The Diary of Anne Frank
Maitland Repertory, at its theatre
Ends October 7
DIRECTORS Guil Noronha and Lesley Coombes inspected the Anne Frank House while in Amsterdam and that certainly is evident in their staging of The Diary of Anne Frank. The set reproduces the small three level warehouse attic area where the Frank family and other Jewish refugees hid for two years from the Nazis in World War II, with the tightness of the tiny rooms the eight residents shared impacting on their behaviour and attitudes towards each other. That is shown in the voices, expressions and movements of the actors, headed by Abbey Matt as the initially 13-year-old Anne. They are very down-to-earth figures, poignant at times but also raising smiles and laughs in some situations.
Anne’s diary, which was a gift from her father when the Franks moved into the attic in mid-1942 to avoid being sent to a concentration camp, movingly showed what life in the attic was like, with her father, Otto, who was the only survivor after the inhabitants were found and deported in 1944, having it published after a former employee gave it to him when he returned at war’s end to see what had become of the hidden living area. That return opens the play, adapted by American writers Frances Goodrich and Albert Hackett from the diary with his consent, and it has moved audiences since its premiere in 1955.
Abbey Matt’s Anne is a teenage girl who quickly adjusts to life in a small and restricted area. But her expressions and words as she gets older show her need for a more normal life, and she is attracted to Peter Van Daan, the shy and quiet son of another family in the attic who is three years older than her. There’s an affecting and charming scene where Anne and Peter (played by Chris Henderson) meet in the tiny highest level of the attic.
Anne’s father, Otto (Ian Robinson), is polite and practical and comforts her when the need arises, while her mother, Edith (Dimity Eveleens), is reserved and nervous, and wishes Anne was more proper and polite. Anne’s older sister, Margot (Giverny Burke), is quiet and reserved and more like their mother.
Putti Van Daan (Brian Randell), the head of the other resident family, is a selfish and irritable former business partner of Mr Frank, and is critical of Anne’s behaviour. His wife, Petronella (Jo Cooper), is vain and finicky and snappily protective of her belongings, especially a fur coat. The other resident, dentist Mr Dussel (Oliver Pink), is difficult to get along with, and demands privacy. The other characters are two people who help the residents, by bringing them food and information: Miep (Anna Balfour), a secretary in Mr Frank’s office, and businessman Mr Kraler (Alastair Anderberg), who risks his life to help his friends.
Accidental Death of an Anarchist
Two Tall Theatre, at Civic Playhouse
Ends September 24
THE main character in Dario Fo’s darkly farcical comedy is known as the Maniac, but he came across as the most sensible and trustworthy character in Theo Rule’s amusing portrayal, as he tried to get police to tell the truth about the death of a so-called anarchist when he fell from a fourth floor in a police building.
The Maniac is initially seen being questioned by police after being arrested for a trivial matter. But he is soon the one doing the questioning, dressing himself as a judge, a forensic expert with a false eye, leg and arm, and a bishop. The other actors, as various ranks of police and an investigative female journalist, added to the humour and pretence.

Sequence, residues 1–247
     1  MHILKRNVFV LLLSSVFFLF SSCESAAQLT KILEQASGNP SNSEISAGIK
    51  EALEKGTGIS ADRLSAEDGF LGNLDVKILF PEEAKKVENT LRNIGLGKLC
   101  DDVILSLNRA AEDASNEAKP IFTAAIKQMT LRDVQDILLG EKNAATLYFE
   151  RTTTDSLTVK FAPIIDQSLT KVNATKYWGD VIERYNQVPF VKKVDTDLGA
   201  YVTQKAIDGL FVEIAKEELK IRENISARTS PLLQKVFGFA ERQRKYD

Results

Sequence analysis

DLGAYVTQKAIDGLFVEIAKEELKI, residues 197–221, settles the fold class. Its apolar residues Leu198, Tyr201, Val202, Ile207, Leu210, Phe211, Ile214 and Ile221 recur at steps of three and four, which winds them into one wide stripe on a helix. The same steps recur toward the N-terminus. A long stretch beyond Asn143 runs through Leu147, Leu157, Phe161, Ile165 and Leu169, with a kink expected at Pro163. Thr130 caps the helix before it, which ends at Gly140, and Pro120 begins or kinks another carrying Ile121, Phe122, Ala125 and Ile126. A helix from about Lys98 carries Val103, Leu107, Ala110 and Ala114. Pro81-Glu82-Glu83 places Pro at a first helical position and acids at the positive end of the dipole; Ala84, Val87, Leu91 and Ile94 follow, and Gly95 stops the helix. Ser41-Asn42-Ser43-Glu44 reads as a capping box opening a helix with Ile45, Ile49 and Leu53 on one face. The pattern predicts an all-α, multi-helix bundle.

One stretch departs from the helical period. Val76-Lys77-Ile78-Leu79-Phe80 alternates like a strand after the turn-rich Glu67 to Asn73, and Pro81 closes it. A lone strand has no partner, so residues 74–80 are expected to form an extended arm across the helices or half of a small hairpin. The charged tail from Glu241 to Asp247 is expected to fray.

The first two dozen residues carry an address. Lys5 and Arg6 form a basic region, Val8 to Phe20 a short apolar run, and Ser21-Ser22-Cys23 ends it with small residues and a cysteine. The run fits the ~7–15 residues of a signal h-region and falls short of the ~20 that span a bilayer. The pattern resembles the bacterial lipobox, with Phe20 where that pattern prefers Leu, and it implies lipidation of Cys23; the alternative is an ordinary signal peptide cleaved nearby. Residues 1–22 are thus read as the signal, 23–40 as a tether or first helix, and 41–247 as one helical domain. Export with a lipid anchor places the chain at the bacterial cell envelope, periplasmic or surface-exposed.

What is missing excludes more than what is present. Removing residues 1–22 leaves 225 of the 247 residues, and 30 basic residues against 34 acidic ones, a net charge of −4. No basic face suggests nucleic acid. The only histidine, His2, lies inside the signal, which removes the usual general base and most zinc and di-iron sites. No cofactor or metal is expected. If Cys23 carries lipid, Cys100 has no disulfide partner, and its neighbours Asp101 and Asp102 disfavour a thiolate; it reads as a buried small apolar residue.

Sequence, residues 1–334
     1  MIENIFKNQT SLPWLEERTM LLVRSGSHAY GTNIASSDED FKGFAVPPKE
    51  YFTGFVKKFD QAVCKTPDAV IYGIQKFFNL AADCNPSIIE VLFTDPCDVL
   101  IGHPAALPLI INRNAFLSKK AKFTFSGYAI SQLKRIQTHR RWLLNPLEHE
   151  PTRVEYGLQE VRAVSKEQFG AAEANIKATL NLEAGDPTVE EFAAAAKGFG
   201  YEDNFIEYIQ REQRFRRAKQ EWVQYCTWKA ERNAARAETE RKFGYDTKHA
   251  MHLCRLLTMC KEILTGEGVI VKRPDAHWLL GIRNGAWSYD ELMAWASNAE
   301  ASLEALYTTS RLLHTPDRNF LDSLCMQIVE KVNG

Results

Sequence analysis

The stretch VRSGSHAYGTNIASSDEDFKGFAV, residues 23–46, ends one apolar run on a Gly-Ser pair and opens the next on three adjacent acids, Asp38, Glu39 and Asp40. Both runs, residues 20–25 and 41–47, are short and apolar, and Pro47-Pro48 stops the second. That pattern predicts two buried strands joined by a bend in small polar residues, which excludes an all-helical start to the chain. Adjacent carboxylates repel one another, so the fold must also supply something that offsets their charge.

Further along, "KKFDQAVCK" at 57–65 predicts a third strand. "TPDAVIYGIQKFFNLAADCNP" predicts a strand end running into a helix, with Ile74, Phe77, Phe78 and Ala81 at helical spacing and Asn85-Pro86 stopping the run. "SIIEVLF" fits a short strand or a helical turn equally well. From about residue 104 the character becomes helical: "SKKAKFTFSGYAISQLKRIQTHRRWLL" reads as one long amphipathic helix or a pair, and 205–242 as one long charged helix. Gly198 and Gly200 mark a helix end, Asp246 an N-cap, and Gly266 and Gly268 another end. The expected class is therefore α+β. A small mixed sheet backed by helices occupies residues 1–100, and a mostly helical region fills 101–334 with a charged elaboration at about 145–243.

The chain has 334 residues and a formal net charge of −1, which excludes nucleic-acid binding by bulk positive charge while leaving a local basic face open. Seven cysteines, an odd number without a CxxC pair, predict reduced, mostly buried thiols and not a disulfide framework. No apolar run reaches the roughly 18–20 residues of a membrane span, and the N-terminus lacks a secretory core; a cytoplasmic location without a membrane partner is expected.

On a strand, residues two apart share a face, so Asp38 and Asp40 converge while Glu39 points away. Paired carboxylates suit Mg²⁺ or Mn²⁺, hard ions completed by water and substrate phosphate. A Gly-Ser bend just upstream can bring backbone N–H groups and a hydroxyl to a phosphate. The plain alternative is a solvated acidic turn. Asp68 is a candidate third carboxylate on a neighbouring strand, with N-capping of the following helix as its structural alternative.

Fo based the play, which was first staged in Italy in 1970, on an incident that happened the previous year, when a man who was being interrogated by police in Milan fell to his death from a high window. While the play met with rebukes from government officials and was banned in some towns, it is a timeless work, showing how executives try to manipulate people to get the result they want. Fo drew on the style of Italy’s classical commedia dell'arte plays, which used seemingly improvised dialogue and colourful stock characters to grab and hold the attention of watchers.
The Maniac’s swift character changes to enable him to get what he perceives as truthful responses from those he is dealing with certainly have an air of improvisation. The other characters, likewise, show the narrowness of their viewpoints and actions. The actors, under the astute direction of Cheryl Sovechles, certainly made them people whose behaviour watchers would recognise.
Barry Shepherd’s Inspector Bertozzo was a humourless figure who became the butt of jokes and physical abuse. Patrick Campbell’s Superintendent was ill-tempered and uncompromising, as the Maniac repeatedly pointed out the inconsistencies in his statements. Jared Mainey was an inspector referred to by the Maniac as Sports Jacket because of the style of his coat, and incriminated himself as the Maniac noted the contradictions in his story. And Carl Gregory’s mainly voiceless Constable was a bumbling and incompetent bystander.
Jema Wright’s journalist, like the police based on a real person, was the play’s sole serious character, with her questioning showing her experience in dealing with disparities as she tried to uncover the truth about the death of the anarchist.
The play held the attention of watchers throughout the two acts, with Matthew Lockyer’s sets and the lighting by Lyndon Buckley and Andrew Moore giving reality to the rooms in the multi-storey police headquarters.